I had a TSA screening experience unlike any other, not bad mind you just new and different.
I was departing Charleston, South Carolina and was happy to have discovered a few days earlier that TSA Secure Flight information transfers over well from American’s booking engine to US Airways flights. I had booked an American Airlines codeshare flying US Airways at AA.com in order to use an American voucher, and still managed to get PreCheck when flying US Airways.
I knew I had read that Charleston now had PreCheck, in one of the batches of 60 airports added in the fall. So when I approached the checkpoint at about 2pm and there was no PreCheck lane, I asked.
The travel document checker told me that
- they only open the PreCheck lane when it’s “really busy.”
- but if my boarding pass beeped I could do Expedited Screening.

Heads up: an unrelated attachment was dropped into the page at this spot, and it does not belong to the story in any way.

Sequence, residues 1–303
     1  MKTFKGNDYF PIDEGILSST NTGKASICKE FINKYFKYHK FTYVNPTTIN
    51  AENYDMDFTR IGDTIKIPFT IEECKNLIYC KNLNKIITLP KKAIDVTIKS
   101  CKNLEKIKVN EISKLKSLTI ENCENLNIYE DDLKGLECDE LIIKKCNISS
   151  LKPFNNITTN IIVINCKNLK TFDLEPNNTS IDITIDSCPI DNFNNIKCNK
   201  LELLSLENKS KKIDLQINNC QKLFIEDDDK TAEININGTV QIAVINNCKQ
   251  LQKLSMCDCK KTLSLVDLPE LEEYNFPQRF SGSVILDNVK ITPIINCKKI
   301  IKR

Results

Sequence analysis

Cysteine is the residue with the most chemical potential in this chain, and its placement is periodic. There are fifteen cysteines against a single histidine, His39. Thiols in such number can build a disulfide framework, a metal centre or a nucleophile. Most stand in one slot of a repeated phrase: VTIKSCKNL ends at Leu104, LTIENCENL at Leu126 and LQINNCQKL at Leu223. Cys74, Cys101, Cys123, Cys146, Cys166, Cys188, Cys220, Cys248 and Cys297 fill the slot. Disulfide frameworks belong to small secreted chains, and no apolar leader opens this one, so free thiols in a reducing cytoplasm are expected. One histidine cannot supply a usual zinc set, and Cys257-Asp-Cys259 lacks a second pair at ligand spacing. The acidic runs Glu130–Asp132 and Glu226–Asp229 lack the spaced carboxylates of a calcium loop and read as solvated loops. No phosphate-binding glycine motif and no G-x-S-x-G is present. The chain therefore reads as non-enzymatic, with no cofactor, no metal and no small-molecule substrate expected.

I hadn’t heard of that. He explained that he would make a mark on my boarding pass.
I should hold it out so that the agents manning the checkpoint knew I was eligible to leave my jacket and shoes on, but that I’d have to take my laptop and liquids out for separate inspection (I still use a checkpoint-friendly laptop bag and don’t actually have to take it out).
So far, so good. But the screening lane fed into a nude-o-scope. I got to the front and said, “oh.” And was told, “well, if you don’t want to go through the machine just say so and we’ll put you through the metal detector’. Yes, please.
This was my first ‘opt out’ where opting out just meant choosing to use the metal detector instead.
Of course, this is also an airport where the police ride their bikes indoors.
Signage said I’d be accosted by a dog (the dogs are usually well-trained, their handlers not always) but there wasn’t actually a dog roaming the terminal.
Which reminds me of American Airlines’ Bob Crandall supposedly firing a guard dog, and playing a tape recording of a dog barking instead.